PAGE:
Louisiana's Other Catfish Rivers

Louisiana's Other Catfish Rivers

Everyone knows about the awesome catfish surrendered annually by the Mississippi River. Yet, some of the state's other streams also host stellar populations of large whiskerfish.

Don Caldwell of Moss Bluff holds a large blue catfish that he wrested from a Cameron Parish canal.
Photo by John Felsher

Louisiana's rivers contain some of the nation's best catfish populations. Early settlers along the Mississippi told of pulling blue catfish weighing more than 300 pounds from the big river. Today, "the Father of Waters" produces many 40- to 80-pound blues, and some topping 100 pounds.

Joseph Wiggins leads the list with a 105-pounder caught in June 1997. Arthur Pierre's second with a 98-pounder he caught in August 1987. In July 2002, Jon Michael Fortenberry pulled an 87-pound blue from the Mississippi near Transylvania in extreme northeast Louisiana. Horace D. Gibson landed a 60-pound Mississippi blue cat in November 1992.

The Red River flows down from the Great Plains between Texas and Oklahoma, across Louisiana and into the Mississippi River through a series of managed channels in the Three Rivers area near Simmesport. The Atchafalaya actually breaks off from the Red at the Lower Old River channel. The Mississippi wants to change course to flow down the Atchafalaya to the Gulf of Mexico.

A series of water-control structures and canals keeps the three rivers, all of which hold huge catfish populations, in their respective beds. Near the Old River Control Structure, Tommy P. Soileau landed an 84-pound blue cat in January 1981. In August 1980, Ed Deshotels landed a 78-pounder in the Atchafalaya River.

"Louisiana has some of the best catfishing in the world," said Mike Walker, a Louisiana Department of Wildlife and Fisheries biologist from New Iberia. "I've seen a 100-pound flathead come out of the Atchafalaya River. When we sampled in the Atchafalaya River, we saw hundreds of blue catfish up to 15 pounds everywhere. I've collected blue catfish as large as 60 pounds in Lake Verret and Lake Palourde."

In the 1990s, the U.S. Army Corps of Engineers completed a project that added five water-control structures to the Red River between Shreveport and Simmesport, creating impoundment-like pools where catfish thrive. In July 1998, Harley Rakes landed the record flathead, a 66-pounder, near Shreveport. Michael L. Guimbellot landed a 52.04-pound flathead near Poland on the Red River in February 2000.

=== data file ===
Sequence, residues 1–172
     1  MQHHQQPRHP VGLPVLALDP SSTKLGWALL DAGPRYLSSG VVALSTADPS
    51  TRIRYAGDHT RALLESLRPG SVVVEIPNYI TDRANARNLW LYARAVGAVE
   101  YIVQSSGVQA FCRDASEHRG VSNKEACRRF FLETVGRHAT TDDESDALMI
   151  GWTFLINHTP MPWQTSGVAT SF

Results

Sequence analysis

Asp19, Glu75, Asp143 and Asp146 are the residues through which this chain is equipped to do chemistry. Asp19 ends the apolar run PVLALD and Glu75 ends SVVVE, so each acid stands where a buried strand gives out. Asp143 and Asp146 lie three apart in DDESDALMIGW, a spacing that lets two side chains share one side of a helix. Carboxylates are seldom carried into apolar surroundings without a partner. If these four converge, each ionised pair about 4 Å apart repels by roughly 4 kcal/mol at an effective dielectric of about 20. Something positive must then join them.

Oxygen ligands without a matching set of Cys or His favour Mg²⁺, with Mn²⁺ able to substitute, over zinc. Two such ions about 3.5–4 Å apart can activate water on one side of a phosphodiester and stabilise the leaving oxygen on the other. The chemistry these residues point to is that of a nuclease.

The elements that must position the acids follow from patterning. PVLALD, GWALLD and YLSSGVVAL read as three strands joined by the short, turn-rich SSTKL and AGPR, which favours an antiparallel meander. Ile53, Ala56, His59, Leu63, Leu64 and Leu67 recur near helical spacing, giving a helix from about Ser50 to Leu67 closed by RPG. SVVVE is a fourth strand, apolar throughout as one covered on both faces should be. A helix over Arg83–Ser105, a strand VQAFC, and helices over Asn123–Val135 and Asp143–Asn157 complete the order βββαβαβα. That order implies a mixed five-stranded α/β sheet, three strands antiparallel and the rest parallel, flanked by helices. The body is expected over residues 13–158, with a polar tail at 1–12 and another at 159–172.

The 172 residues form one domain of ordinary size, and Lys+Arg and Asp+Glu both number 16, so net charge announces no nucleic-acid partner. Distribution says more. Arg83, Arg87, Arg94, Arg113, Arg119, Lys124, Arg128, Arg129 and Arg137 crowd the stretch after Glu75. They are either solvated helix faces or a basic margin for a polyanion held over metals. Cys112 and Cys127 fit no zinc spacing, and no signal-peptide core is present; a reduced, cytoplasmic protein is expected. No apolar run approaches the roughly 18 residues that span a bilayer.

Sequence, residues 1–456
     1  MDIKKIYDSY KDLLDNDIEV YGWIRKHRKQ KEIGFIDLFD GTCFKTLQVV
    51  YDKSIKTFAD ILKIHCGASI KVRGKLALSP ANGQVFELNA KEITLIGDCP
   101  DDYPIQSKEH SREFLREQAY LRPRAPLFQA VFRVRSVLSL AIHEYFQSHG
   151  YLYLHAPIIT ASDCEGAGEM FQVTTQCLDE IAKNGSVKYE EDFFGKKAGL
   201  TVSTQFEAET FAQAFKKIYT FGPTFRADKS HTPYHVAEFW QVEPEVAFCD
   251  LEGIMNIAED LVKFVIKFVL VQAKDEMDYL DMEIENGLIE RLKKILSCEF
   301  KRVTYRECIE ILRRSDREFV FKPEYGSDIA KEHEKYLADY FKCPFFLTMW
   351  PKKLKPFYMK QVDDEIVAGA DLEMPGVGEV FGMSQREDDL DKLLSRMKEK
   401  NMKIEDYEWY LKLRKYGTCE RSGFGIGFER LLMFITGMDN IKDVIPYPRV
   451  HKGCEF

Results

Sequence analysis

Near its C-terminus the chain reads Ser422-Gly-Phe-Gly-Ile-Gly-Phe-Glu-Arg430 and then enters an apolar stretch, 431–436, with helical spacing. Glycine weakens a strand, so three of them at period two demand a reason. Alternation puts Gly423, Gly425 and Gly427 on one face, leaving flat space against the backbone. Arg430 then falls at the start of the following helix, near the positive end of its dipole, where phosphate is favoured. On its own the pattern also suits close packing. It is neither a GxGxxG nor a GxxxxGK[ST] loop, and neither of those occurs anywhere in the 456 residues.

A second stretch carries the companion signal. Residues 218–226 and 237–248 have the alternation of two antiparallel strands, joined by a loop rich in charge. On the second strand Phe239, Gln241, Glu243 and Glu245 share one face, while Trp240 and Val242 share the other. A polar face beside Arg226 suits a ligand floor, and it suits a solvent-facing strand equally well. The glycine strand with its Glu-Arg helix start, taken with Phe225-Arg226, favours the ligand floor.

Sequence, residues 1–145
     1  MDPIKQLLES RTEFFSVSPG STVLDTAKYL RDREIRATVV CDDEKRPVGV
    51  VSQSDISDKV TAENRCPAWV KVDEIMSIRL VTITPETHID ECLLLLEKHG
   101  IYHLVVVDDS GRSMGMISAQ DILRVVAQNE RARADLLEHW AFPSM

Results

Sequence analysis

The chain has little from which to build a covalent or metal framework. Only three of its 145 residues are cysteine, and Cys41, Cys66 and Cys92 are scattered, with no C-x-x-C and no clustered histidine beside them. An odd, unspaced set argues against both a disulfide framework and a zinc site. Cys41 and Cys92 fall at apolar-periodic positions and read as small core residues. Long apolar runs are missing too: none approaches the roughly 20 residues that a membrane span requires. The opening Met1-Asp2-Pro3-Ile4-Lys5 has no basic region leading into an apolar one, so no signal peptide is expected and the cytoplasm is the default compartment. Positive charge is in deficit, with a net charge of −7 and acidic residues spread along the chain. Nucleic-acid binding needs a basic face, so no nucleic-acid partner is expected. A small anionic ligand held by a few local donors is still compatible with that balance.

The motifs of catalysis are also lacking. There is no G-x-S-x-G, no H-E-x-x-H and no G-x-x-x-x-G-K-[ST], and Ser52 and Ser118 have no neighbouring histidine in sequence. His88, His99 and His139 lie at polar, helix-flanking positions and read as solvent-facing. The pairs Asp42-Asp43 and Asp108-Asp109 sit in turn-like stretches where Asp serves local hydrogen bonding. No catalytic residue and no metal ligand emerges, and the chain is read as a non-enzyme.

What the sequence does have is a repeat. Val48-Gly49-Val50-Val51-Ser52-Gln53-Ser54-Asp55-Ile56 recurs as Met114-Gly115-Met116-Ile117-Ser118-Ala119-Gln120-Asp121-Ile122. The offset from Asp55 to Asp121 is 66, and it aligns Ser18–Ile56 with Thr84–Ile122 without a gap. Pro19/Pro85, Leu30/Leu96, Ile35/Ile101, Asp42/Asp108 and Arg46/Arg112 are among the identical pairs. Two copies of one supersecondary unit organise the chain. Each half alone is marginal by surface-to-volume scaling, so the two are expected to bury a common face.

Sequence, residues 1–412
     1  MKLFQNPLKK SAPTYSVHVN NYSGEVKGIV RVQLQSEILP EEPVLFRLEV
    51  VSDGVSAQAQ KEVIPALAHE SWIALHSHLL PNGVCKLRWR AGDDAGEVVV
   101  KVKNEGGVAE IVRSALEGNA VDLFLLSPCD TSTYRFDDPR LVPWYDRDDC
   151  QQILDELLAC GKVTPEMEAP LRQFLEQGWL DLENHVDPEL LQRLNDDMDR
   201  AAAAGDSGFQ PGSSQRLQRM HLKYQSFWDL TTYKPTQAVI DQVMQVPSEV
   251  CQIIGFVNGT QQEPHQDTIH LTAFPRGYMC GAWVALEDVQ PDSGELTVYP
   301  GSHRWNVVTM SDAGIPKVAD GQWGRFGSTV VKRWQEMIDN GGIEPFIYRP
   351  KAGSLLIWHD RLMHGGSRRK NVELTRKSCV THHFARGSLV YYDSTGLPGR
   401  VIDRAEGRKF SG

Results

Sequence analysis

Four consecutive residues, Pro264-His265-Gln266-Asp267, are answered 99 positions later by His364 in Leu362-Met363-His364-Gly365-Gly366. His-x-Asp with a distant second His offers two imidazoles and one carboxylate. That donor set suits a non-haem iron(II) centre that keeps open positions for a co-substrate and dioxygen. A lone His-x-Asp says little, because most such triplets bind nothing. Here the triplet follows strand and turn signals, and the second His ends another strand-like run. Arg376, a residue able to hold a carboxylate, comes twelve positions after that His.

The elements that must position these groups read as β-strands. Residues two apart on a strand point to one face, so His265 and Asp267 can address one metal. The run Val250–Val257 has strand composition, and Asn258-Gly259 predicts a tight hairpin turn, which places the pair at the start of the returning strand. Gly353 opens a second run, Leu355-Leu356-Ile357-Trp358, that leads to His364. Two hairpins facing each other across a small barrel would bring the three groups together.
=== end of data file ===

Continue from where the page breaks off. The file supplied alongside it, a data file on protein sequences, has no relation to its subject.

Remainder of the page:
"On a good day, an angler on the Red River might catch 30 or more catfish provided he or she knows where to go," said James Seales, a LDWF biologist in Minden. "They might catch a 40-pound flathead. The average would be much less than that on other water bodies."

Wing dams redirect the channel to maintain the Red River at a minimum of 9 feet. These jetties also create eddies and scour holes that attract fish. Big cats wait near these rocks to grab baits drifting downstream.

"Blues congregate at the end of wing jetties where current creates an eddy and digs a deep hole," said Gary Hood of Red River Catfish Guide Service in Bossier City. "Around that hole, I fish three to five rods with different types of bait. I put two baits in front of the hole. Feeding catfish find a comfortable spot and face upstream looking for food to come to them. Inactive fish rest in the bottom of the hole. I put another bait in the bottom of the hole and one or two behind the hole. Sometimes, I won't get a bite in the bottom of the hole, but I can't keep them off on the upstream side."

The Cane River near Natchitoches produced two Top 10 flathead catfish. In April 1998, Ricky Gauthier caught the third-largest flathead ever seen in Louisiana, a 50.44-pounder. In June 1994, Bill Dickinson landed a 38-pounder for sixth place. Now just a long oxbow lake off the Red River, the Cane once formed the main channel of the Red River before that river changed course in the 19th century.